Delaware school district approves funding to continue police presence in schools

Leaders in the Christina School District presented a defense of their school resource officers before the board of education approved funding for them.

Sgt. Brian Pixley and Sgt. Troy Pezzuto oversee the school resource officer program for Delaware State Police in New Castle County. (Screenshot)

Sgt. Brian Pixley and Sgt. Troy Pezzuto oversee the school resource officer program for Delaware State Police in New Castle County. (Screenshot)

After weeks of protests following the police killing of George Floyd, some have called on education officials to rethink the idea of having police officers permanently assigned to school buildings. School districts in Minneapolis, Portland, Denver and Seattle have all voted to phase out school resource officers.

Nationwide, there have been instances of SROs overstepping their authority in recent years. According to the Urban Institute, at least two-thirds of American high school students have a police officer at their school. That proportion is higher for students of color.

In 2018, an Ohio school resource officer was put on unpaid leave after activating her Taser near a sleeping student. Though the Taser didn’t touch the student, who was unharmed, police officials said that was a violation of department policy. In October, an officer used pepper spray to break up a fight at a middle school in Phoenix. That same officer was also accused of handcuffing an 11-year-old girl. After protests from students and parents, that officer voluntarily returned to regular patrol.

On Tuesday, the Christina School District, Delaware’s second largest, approved another year of funding for school resource officers, or SROs, in district schools, a contract worth more than $870,000.

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“It is a lot of money, but I think it’s money well spent at this juncture,” said board member Monica Moriak. “It’s a one-year contract, so it’s definitely something that needs to be revisited.”

The board heard from school leaders and some officers about how SROs work in schools and their role. Michelle Savage, principal at Shue-Medill Middle School near Newark, said it’s up to administrators to make sure the officers are supporting the school’s philosophy for correcting behavior.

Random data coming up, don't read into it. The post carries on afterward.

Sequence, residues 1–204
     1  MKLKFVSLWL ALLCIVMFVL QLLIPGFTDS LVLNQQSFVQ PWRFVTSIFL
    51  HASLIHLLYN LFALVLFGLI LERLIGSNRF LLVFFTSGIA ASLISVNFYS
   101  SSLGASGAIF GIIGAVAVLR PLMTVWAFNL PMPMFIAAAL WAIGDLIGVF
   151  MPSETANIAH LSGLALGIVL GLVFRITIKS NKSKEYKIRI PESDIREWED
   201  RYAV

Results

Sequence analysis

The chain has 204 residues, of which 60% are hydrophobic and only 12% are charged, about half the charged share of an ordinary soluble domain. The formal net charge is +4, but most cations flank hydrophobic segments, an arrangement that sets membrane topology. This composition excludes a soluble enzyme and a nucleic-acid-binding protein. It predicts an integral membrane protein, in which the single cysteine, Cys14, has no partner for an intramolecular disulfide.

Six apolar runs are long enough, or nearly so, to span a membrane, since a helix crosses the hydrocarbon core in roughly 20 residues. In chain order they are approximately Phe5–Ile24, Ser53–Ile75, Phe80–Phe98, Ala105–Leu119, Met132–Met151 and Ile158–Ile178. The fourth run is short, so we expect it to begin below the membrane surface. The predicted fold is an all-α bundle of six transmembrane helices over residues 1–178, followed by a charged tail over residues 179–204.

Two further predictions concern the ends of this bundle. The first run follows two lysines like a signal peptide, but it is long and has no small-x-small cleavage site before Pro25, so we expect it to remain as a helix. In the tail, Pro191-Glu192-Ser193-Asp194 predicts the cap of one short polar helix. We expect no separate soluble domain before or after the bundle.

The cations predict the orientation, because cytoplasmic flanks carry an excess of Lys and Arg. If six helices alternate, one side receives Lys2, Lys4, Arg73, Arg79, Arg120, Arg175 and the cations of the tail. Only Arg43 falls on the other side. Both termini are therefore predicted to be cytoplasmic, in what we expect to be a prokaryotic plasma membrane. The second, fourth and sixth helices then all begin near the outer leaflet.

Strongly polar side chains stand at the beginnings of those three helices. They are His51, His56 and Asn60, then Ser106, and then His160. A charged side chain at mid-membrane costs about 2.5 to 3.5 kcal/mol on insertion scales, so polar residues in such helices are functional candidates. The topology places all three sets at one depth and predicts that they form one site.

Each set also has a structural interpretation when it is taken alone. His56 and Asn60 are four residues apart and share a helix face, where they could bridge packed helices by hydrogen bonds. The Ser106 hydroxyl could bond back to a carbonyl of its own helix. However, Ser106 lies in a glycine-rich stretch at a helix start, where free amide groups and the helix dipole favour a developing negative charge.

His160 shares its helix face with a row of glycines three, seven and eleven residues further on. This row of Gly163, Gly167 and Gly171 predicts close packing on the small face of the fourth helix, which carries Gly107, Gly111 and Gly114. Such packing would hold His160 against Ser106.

“We understand that behaviors are a reaction to deeper issues that are either academic, or mental health[-related] and need support,” Savage said. “Administrators also understand that it’s their responsibility to work with the SRO to make sure their focus is on prevention and safety.”

Savage told the board that she would not be OK with having an SRO on campus who did not agree with that philosophy.

Stephanie Hartley, a parent who also works in the Christina district, said it is like other districts in Delaware and around the country, where Black students are disproportionately affected by disciplinary actions.

“This is a monumental moment in history, in which the world is no longer able to turn a blind eye to the systems that continue to unfairly treat people with Black and brown skin,” Hartley said. “Grab on to this opportunity to step away from an intervention that has been proven to have life-lasting negative consequences for our African American students.”

Wilmington police officer Hector Tabron is the SRO at Bancroft School, an elementary and middle school in Wilmington. He told the board his job is to be part of the school’s on-site protection, not to be part of the discipline program.

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“Our purpose in the school is to be part of the community,” Tabron said. “We build positive relationships at our school, we know our families, and when we see them, they know us.” He said SROs are not punishing students for issues that come across as behaviors. “We are helping with interventions so all students can feel safe.”

Sgt. Brian Pixley oversees the SRO program for the state police in northern Delaware. He said even if SROs were removed from schools, the incidents they now handle would just be handled by other officers.

“We don’t believe that reports to police would necessarily go down if the elimination of SRO officers took place,” he said.

SROs are not “on patrol” at a school, as police officers would be out on the street, Pixley said. “We’re really just reacting to situations and handling them the best way.”

Christina Superintendent Dan Shelton said he’ll launch a listening campaign in the coming months to set the district’s priorities. He expects a discussion of SROs to be part of those discussions.

“What we need to do is make sure we’re leveraging our most important things, the things that will do the greatest good, and quite frankly, the fastest we can do the greatest good,” Shelton said.

On Wednesday night, the Red Clay Consolidated School District board was expected to consider a resolution to terminate the district’s contract with Delaware State Police and Wilmington Police to provide school resource officers. If approved, the resolution will direct the superintendent to use the money previously spent on SROs to fund preventative, trauma-informed interventions from social workers, counselors, psychologists and other mental health professionals.

The “George Floyd and Breonna Taylor Resolution” was introduced by board members Jose Matthews and Adriana Bohm. They say there’s no evidence that student safety increases with school resource officers on campus.

Last year, state lawmakers introduced legislation that would increase the number of school counselors and mental health workers in Delaware schools. That measure was approved in a House committee last year, but never saw further action.

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